A sinkhole that swallowed a Florida man when it collapsed the bedroom portion of his home overnight is "extremely unstable," expected to grow bigger and too dangerous for rescuers to approach, Hillsborough County officials said.
"Until we know where it's safe to bring the equipment, we really are just handicapped and paralyzed and can't really do a whole lot more than sit and wait," Hillsborough County Fire Chief Ron Rogers told reporters this evening. "It's a tough situation; it's even tougher for the family."
The hole that pulled in Jeff Bush, 36, opened up at around 11 p.m. Thursday night in Seffner, Fla., authorities said.
"[Family members] heard a sound that they described as a car crash emanating from the bedroom in the back of the house," Rogers said at an earlier news conference.
The family rushed into the room where Bush was sleeping, according to ABC News' Tampa affiliate WFTS-TV.
"All they could see was part of a mattress sticking out of the hole. Essentially, the floor of the room had opened up," Rogers said.
The hole remained 20 to 30 feet wide this evening, officials said, but it had progressively deepened beyond the 20 feet seen earlier today.
"The soil cannot hold the slope that it is right now," said Larry Madrid, president of Madrid Engineering Group, a sinkhole expert called in by the county.
Engineers feared a further sudden collapse because the house sat on fluid, sandy soil, and they remained uncertain about where the unstable area ended.
"[Another collapse] could happen now, it could happen days from now," Madrid said. "It could happen slowly, it could happen quickly."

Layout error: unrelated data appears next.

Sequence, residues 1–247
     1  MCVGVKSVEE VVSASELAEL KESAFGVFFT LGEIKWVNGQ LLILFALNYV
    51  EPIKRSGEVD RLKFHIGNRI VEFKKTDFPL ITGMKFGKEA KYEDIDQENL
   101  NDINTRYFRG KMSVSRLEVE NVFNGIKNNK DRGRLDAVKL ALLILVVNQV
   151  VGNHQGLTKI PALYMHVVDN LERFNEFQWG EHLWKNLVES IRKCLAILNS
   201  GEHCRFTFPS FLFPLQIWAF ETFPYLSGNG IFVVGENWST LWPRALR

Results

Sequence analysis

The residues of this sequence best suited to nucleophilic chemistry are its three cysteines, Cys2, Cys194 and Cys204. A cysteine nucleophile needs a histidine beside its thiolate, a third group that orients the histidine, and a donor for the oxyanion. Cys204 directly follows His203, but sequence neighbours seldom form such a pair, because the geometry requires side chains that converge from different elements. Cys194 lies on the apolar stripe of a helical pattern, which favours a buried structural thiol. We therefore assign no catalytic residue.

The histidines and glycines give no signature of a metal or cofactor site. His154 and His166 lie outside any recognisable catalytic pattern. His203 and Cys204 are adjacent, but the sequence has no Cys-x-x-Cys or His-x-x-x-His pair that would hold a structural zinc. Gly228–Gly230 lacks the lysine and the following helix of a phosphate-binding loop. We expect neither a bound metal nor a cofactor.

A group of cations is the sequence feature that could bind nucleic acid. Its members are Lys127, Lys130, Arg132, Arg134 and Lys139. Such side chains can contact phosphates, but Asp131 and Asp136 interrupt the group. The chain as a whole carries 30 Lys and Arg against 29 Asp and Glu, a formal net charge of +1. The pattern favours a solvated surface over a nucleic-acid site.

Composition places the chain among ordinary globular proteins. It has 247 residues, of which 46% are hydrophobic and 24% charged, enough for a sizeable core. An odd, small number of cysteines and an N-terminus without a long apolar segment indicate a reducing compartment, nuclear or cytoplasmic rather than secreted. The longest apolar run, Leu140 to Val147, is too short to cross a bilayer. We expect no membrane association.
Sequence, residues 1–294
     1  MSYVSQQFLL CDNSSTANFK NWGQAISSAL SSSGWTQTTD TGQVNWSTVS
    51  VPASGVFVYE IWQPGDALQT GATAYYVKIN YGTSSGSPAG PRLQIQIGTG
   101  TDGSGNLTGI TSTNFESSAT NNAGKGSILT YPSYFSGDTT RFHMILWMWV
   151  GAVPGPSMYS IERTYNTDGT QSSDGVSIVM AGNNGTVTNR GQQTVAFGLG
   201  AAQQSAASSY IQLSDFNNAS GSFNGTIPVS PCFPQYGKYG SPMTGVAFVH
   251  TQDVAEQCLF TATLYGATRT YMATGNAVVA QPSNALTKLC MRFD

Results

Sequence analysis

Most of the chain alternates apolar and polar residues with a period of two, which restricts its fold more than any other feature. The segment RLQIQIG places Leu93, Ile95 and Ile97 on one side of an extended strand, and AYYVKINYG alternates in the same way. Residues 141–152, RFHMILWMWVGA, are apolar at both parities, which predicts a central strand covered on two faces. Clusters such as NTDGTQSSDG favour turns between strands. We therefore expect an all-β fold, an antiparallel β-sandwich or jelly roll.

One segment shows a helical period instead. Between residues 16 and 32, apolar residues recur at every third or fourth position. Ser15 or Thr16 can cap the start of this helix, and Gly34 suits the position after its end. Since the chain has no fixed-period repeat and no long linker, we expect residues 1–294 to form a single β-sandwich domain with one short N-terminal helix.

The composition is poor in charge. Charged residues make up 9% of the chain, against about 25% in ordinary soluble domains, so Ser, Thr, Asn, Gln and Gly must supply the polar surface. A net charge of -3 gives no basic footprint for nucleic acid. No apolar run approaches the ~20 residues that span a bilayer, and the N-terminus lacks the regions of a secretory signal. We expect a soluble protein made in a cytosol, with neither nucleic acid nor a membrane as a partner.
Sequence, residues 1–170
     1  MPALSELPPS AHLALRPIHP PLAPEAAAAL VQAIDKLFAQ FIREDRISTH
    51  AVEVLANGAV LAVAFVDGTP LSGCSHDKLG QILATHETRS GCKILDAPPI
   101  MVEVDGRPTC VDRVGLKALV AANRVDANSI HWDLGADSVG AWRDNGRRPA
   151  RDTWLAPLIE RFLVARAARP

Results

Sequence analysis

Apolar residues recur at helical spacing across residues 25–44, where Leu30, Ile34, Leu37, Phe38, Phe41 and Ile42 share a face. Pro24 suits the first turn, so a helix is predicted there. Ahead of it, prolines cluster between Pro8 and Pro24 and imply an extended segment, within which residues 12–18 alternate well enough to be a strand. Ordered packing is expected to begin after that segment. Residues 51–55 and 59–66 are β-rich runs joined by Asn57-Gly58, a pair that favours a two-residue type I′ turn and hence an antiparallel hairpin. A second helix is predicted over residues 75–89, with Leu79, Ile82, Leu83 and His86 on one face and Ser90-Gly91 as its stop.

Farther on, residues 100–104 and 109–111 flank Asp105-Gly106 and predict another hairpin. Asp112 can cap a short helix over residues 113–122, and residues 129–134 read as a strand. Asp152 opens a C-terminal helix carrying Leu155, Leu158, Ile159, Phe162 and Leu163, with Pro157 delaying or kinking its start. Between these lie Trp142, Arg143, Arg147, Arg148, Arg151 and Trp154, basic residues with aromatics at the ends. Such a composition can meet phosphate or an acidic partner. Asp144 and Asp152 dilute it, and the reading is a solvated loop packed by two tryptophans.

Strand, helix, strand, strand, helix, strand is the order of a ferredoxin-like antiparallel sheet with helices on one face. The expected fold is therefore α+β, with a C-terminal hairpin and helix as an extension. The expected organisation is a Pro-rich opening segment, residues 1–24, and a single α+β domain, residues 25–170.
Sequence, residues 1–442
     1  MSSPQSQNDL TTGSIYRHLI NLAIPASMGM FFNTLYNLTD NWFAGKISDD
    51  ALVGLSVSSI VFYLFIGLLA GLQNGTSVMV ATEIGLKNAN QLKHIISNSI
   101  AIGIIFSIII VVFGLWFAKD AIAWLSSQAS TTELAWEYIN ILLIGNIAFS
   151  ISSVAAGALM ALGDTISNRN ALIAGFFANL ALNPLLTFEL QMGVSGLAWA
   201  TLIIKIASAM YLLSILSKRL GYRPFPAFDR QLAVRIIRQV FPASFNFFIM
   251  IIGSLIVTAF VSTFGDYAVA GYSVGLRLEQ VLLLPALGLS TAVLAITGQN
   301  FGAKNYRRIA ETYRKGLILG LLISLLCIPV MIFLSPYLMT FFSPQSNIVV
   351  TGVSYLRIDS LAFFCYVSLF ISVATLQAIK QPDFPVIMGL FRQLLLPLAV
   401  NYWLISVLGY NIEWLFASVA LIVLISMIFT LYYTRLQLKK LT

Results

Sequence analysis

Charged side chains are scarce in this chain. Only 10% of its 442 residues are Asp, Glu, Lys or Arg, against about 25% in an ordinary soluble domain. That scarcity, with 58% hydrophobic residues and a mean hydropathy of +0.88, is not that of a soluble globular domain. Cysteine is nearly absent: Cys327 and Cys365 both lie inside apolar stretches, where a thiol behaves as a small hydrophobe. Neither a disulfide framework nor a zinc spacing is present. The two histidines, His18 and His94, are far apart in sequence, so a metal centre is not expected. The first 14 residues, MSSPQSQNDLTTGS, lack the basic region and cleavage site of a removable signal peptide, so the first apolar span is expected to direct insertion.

The partially collapsed house and two neighboring houses have been evacuated.
"As items fall in from the house, [they] get pulled down in," said Bill Bracken, an engineer working with Hillsborough County Search and Rescue.
"Given the size of the hole, I cannot tell you why [the whole house] hasn't collapsed yet," he said.
The instability meant rescuers were unable to continue searching for Jeff Bush within the house.
"As I told the family earlier, the only thing that would be worse than what they're feeling now for their loss would be to experience additional human loss," Hillsborough County Administrator Mike Merrill said this evening. "That's the dilemma and the dilemma is a very painful dilemma for everyone."
"This is not your typical sinkhole," he added. "This is a chasm that covers a great distance. They still have not been able to find the boundaries of the underground chasm."
After the initial collapse, Jeff Bush's brother Jeremy jumped into the sinkhole and tried to rescue him, only to need rescuing himself.
"I jumped in the hole and was trying to dig him out, but I couldn't find him," Jeremy Bush tearfully told WFTS. "I thought I could hear him hollering for me to help him.
"I didn't see any part of him when I went in there," he said. "All I seen was his bed and I told my father-in-law to grab a shovel so I could start digging, and I just started digging and started digging, and the cops showed up and pulled me out of the hole and said the floor was still falling in."
A first responder "heroically" jumped in and rescued Jeremy Bush, Rogers said.
"I went to the bedroom and saw the sinkhole taking the entire bedroom," Hillsborough County Deputy Douglas Duvall said in a video taken and posted by the sheriff's office online.